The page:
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Jan
19
accepted What's the difference between 'just' and 'fair'?
Jan
19
awarded  Nice Question
Jan
18
asked What's the difference between 'just' and 'fair'?
Jan
12
comment A word for non-language sound
It would be quite harsh on John Williams to say that "Duel of the Fates" is noise, don't you think?
Jan
12
comment A word for non-language sound
@Jim: Fair enough; answer edited.
Jan
12
revised A word for non-language sound
added 139 characters in body
Jan
11
answered A word for non-language sound
Dec
27
awarded  Necromancer
Dec
17
comment Is corrosion an onomatopoeia?
The toothed, scraping device that some molluscs use for feeding is called a radula (en.wikipedia.org/wiki/Radula). It comes from Latin radere "to scrape" according to Etymonline.
Dec
17
comment A single word for an inanimate object that is very old and held in high esteem
@J.R.: I agree; I didn't downvote the answer because I am aware of that. Just making a point since the OP wants a single word.
Dec
17
comment A single word for an inanimate object that is very old and held in high esteem
A landmark doesn't need to be very old, as required by the OP. It only needs to be notorious.
Dec
8
answered Word for people easily influenced by propaganda
Dec
5
comment Do you “watch” a movie or “see” a movie?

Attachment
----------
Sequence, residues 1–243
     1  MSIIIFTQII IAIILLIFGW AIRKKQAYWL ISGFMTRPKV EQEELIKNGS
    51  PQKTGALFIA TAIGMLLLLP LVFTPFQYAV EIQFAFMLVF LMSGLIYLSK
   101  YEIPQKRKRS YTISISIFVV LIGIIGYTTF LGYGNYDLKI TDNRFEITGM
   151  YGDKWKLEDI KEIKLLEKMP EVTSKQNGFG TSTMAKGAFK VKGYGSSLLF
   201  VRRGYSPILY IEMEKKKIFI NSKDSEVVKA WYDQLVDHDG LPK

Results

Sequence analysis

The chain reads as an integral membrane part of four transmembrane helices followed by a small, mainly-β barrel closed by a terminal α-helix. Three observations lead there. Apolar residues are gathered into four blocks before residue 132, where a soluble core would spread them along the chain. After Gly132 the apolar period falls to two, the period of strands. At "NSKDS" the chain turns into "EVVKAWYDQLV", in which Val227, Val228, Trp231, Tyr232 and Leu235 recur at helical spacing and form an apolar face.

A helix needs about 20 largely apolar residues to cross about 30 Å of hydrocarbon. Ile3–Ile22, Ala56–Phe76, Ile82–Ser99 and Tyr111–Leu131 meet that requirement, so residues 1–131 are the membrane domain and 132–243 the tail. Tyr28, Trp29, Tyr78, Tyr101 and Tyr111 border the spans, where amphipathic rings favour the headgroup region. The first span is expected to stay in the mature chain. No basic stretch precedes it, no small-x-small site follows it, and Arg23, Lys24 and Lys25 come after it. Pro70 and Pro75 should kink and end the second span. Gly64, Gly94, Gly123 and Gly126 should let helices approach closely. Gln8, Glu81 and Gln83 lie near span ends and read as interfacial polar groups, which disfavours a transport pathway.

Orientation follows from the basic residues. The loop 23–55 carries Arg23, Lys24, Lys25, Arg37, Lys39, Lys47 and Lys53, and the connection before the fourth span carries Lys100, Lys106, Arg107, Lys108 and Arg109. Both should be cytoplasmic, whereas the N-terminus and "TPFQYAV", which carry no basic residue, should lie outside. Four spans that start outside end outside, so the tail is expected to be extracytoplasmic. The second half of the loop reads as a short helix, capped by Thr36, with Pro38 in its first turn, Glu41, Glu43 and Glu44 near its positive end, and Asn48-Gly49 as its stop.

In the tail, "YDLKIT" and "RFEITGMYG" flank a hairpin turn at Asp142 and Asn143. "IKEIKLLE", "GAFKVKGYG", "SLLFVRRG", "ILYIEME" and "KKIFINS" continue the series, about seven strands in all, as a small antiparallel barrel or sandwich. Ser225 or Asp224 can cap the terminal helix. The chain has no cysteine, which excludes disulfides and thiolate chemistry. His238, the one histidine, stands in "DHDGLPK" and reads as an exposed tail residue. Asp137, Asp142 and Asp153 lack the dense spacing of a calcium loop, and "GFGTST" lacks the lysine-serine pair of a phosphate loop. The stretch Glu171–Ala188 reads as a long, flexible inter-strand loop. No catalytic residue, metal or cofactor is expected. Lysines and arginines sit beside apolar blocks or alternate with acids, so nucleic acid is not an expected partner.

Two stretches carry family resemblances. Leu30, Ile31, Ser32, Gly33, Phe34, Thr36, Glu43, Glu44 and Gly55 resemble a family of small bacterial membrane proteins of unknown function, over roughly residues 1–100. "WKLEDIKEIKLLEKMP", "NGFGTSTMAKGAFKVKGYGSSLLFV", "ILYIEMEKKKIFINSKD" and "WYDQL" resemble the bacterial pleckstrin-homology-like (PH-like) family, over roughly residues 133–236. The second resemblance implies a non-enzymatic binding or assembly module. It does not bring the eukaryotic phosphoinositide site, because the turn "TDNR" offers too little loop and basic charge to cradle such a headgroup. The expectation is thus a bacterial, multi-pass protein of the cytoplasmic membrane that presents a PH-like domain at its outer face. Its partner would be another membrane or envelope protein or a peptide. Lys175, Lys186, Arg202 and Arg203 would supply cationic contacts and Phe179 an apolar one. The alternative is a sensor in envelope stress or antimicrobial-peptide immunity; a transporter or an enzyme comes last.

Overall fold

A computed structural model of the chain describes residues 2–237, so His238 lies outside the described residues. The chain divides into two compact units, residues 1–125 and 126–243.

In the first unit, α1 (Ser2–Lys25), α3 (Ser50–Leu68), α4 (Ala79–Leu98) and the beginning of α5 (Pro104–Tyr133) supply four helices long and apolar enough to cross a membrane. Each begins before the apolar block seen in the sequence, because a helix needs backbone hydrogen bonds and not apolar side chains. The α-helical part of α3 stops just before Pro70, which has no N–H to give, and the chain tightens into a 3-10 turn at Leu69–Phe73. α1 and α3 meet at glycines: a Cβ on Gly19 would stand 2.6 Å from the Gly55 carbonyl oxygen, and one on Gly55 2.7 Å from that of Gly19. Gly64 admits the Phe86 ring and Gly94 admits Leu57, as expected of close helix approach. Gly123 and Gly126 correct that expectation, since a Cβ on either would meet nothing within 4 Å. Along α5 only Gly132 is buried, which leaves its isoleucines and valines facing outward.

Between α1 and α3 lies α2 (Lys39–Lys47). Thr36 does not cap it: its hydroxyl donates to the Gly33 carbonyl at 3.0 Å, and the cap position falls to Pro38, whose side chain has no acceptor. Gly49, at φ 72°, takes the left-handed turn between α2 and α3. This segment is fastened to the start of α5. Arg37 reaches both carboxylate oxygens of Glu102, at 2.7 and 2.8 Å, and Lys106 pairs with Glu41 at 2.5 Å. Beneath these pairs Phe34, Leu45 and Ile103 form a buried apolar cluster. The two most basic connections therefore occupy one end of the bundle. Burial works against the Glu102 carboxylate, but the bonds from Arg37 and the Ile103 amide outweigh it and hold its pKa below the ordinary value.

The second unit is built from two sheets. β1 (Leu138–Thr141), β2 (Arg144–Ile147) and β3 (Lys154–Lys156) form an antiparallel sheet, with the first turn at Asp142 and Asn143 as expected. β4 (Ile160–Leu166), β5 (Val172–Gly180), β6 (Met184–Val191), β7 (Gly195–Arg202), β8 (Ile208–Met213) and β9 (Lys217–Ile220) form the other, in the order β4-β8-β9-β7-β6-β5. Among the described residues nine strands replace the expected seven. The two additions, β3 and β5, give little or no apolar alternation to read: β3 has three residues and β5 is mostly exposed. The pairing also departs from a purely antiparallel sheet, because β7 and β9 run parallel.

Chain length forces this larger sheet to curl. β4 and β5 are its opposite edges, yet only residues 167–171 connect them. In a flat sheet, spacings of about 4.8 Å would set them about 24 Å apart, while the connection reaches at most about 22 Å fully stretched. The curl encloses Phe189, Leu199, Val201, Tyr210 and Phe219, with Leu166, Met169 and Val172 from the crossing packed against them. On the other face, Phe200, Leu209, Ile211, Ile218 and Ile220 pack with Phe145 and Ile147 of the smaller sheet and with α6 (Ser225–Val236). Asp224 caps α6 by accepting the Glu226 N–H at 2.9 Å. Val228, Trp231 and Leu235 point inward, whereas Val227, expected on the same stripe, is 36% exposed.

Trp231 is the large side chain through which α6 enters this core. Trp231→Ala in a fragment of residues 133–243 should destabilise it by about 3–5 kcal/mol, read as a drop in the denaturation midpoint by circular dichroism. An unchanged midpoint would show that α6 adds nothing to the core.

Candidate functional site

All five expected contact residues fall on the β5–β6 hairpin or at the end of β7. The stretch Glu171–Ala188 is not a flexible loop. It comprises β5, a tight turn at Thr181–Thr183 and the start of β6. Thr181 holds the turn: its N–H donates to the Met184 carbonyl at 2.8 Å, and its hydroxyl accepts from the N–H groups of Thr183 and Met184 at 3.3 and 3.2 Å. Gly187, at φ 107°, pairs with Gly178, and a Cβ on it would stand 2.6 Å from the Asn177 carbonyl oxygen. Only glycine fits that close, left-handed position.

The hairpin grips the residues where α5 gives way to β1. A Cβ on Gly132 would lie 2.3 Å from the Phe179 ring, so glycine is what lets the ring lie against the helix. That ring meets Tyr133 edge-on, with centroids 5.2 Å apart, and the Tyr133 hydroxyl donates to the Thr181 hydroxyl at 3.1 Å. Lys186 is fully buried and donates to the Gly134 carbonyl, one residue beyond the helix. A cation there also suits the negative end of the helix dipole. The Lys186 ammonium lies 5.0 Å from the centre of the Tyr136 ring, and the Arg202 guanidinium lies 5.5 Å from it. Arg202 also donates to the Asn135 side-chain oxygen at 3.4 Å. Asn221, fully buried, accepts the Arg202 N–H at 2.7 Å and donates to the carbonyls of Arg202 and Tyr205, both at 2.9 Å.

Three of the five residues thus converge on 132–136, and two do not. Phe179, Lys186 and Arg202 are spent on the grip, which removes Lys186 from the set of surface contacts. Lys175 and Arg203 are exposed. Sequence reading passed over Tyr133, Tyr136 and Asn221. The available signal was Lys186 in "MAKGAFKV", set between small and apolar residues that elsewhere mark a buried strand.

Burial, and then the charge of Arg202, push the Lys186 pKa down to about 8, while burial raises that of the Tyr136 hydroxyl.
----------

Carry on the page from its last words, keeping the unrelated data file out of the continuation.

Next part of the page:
@Noldorin: Fair enough ;-)
Dec
4
comment Do you “watch” a movie or “see” a movie?
@Noldorin: I am not sure what you mean when you say that French/Spanish use the "to see" verb. What specific French/Spanish are you talking about? In Spain we only use "ver" (which translates as "to see") for movies.
Nov
23
comment Capital letters in headlines
@tchrist: I agree with you; I was also surprised to see that Wikipedia focusses so much on US as opposed to UK publishers. I publish frequently with UK houses and title casing is very common. Still, my point still holds: it's for emphasis.
Nov
23
answered Capital letters in headlines
Nov
21
answered What's the opposite of 'dense'
Oct
24
comment Is it correct to say “What was your name?”?
@Kramii: That only happens in some cultures. In others, you don't change your name just because you get married.
Oct
20
awarded  Citizen Patrol
Oct
2
answered Is there an equivalent of 'onomatopoeia' for words inspired by the appearance of thing?